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Q:
I've inherited a Remington 16 guage "Sportsman" shotgun that's in excellent condition. Can someone help me with the history of this gun that has Browning's name on the barrel? Any lawsuit here? Value? Probably purchased in the late 40's.

Question by Jackie09. Uploaded on March 28, 2010

Answers (4)

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from libertyfirst wrote 4 years 3 weeks ago

Remington did build a "humpback" shogun that was the spitting image of the Browning. They worked very well and most of the parts interchanged. One of the only differences that I ever picked up on was that the Browning had two extractors while the Remington only had one. There may have been legal infringement here but I never heard of any talk about it.

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from Jere Smith wrote 4 years 3 weeks ago
from Jere Smith wrote 4 years 3 weeks ago

re info from Remingtons Website

Model 11 Autoloading Shotgun
Overview:
Description: First autoloading shotgun produced in the U.S.A.

Introduction Year: 1905

Year Discontinued: 1947

Total Production: Approximately 850,000 (including 65,000 made for Browning during World War II)

Designer/Inventor: John F. Browning with subsequent improvements by C.C. Loomis and other Remington designers

Action Type: Recoil operated – Hammerless – Side ejection – Take Down

Caliber/Gauge: 12, 16, 20 gauges

Serial Number Blocks: 2 gauge – approximately 10,000 – 794,990
16 gauge – approximately 1,500,000 – 1,557,000
20 gauge – approximately 1,000,000 – 1,075,000

Grades Offered: 11 A – Standard Grade
11 R – Riot Special
11 P – Police Special
11 B – Special Grade
11 C – Trap Grade
11 D – Tournament Grade
11 E – Expert Grade
11 F – Premier Grade

Variations: Sportsman

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from Sayfu wrote 4 years 3 weeks ago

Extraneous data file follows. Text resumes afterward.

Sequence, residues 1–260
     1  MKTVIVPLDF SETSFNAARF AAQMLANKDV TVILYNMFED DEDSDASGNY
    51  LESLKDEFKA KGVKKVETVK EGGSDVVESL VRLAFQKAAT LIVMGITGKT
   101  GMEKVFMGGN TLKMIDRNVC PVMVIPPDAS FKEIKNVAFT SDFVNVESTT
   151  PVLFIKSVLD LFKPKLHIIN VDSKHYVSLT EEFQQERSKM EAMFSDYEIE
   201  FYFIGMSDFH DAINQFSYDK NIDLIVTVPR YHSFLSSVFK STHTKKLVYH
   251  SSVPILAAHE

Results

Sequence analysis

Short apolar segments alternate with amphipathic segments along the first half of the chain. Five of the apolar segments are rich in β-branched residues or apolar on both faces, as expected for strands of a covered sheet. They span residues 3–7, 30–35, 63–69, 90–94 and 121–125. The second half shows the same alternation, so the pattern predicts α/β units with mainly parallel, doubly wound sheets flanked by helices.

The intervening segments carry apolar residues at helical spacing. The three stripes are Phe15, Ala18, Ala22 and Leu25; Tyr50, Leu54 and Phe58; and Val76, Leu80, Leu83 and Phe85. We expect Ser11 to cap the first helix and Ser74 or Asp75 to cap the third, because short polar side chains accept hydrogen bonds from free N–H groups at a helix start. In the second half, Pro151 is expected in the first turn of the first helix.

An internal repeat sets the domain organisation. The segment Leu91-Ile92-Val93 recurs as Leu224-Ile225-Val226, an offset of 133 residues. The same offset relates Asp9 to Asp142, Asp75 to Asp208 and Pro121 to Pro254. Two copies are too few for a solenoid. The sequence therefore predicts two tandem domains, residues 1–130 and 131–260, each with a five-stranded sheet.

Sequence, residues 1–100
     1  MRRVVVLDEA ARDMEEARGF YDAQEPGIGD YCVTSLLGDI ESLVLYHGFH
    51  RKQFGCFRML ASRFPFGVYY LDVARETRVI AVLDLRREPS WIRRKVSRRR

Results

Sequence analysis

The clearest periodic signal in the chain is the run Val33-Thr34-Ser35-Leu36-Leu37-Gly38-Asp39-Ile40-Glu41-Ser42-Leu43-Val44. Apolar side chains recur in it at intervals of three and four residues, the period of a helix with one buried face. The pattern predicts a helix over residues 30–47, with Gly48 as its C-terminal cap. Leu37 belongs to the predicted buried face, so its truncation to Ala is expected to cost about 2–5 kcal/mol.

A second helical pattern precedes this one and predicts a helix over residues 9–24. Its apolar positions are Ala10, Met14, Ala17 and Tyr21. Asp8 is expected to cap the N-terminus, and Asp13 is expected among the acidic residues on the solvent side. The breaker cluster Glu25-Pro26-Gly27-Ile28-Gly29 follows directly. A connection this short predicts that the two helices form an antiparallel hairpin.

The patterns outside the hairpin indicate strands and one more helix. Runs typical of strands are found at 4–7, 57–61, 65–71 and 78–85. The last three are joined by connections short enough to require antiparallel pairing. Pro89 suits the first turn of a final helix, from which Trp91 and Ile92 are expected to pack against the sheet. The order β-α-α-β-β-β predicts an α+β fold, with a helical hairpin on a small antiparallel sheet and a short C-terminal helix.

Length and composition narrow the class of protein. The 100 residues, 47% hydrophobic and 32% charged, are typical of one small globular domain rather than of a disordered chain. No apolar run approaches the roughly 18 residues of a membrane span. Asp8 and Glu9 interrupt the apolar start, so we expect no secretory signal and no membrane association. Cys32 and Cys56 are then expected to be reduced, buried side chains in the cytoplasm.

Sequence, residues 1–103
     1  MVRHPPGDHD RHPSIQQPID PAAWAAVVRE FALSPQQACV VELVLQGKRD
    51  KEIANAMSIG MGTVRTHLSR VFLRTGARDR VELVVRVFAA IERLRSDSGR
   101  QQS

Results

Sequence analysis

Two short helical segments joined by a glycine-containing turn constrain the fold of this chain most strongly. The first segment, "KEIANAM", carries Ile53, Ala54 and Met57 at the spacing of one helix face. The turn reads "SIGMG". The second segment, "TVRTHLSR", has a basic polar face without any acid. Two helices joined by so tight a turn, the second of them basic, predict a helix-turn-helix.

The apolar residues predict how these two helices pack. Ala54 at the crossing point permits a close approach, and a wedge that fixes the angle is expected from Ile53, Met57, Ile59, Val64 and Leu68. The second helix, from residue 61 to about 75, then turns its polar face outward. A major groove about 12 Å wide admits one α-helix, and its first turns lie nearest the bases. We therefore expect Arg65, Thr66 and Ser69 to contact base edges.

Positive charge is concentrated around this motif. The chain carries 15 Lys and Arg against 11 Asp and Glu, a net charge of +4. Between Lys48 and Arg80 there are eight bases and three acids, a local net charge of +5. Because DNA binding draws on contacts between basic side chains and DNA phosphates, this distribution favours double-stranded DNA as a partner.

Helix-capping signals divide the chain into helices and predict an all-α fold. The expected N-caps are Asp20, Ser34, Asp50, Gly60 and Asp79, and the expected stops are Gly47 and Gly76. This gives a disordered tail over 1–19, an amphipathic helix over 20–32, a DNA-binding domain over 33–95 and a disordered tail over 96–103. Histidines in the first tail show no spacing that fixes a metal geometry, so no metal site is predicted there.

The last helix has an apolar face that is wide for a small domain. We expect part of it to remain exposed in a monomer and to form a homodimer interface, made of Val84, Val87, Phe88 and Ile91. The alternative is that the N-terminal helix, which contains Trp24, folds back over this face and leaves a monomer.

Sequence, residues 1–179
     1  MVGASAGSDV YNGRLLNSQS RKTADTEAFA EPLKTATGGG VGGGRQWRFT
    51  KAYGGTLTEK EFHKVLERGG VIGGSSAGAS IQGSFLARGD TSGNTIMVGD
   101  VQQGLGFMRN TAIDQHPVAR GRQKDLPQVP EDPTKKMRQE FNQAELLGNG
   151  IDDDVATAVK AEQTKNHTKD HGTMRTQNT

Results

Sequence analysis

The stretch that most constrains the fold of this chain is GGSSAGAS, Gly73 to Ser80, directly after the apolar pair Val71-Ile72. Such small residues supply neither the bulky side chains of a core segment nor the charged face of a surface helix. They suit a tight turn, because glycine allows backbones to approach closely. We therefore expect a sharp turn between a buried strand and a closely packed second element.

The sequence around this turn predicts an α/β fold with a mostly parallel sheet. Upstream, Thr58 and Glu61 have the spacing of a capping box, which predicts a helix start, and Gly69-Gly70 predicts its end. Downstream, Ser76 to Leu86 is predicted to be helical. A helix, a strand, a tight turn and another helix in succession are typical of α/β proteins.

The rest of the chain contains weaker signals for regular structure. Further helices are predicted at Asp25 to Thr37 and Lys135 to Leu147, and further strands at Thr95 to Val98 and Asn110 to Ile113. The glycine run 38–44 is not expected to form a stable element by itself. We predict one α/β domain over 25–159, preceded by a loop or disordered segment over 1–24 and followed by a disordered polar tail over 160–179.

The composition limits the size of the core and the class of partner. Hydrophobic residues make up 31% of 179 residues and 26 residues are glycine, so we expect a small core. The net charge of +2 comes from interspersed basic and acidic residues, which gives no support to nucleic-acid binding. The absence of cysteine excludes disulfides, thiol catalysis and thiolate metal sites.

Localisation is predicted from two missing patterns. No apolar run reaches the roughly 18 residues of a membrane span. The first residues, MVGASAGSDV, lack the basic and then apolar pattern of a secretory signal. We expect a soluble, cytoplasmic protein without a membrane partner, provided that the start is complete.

No legal infringement...Remington's were made under the Browning patent. John Browning was the top innovator of his time.
I had an early '90's Remington "squareback" that was made under the Browning patent...I forget the model number of those guns. The barrel moved back into the receiver when you fired a shell.
I never like the squarebacks vs. the rolled over receiver like on the 870 pumps.

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from Sayfu wrote 4 years 3 weeks ago

No legal infringement...Remington's were made under the Browning patent. John Browning was the top innovator of his time.
I had an early '90's Remington "squareback" that was made under the Browning patent...I forget the model number of those guns. The barrel moved back into the receiver when you fired a shell.
I never like the squarebacks vs. the rolled over receiver like on the 870 pumps.

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from libertyfirst wrote 4 years 3 weeks ago

Remington did build a "humpback" shogun that was the spitting image of the Browning. They worked very well and most of the parts interchanged. One of the only differences that I ever picked up on was that the Browning had two extractors while the Remington only had one. There may have been legal infringement here but I never heard of any talk about it.

+1 Good Comment? | | Report
from Jere Smith wrote 4 years 3 weeks ago
from Jere Smith wrote 4 years 3 weeks ago

re info from Remingtons Website

Model 11 Autoloading Shotgun
Overview:
Description: First autoloading shotgun produced in the U.S.A.

Introduction Year: 1905

Year Discontinued: 1947

Total Production: Approximately 850,000 (including 65,000 made for Browning during World War II)

Designer/Inventor: John F. Browning with subsequent improvements by C.C. Loomis and other Remington designers

Action Type: Recoil operated – Hammerless – Side ejection – Take Down

Caliber/Gauge: 12, 16, 20 gauges

Serial Number Blocks: 2 gauge – approximately 10,000 – 794,990
16 gauge – approximately 1,500,000 – 1,557,000
20 gauge – approximately 1,000,000 – 1,075,000

Grades Offered: 11 A – Standard Grade
11 R – Riot Special
11 P – Police Special
11 B – Special Grade
11 C – Trap Grade
11 D – Tournament Grade
11 E – Expert Grade
11 F – Premier Grade

Variations: Sportsman

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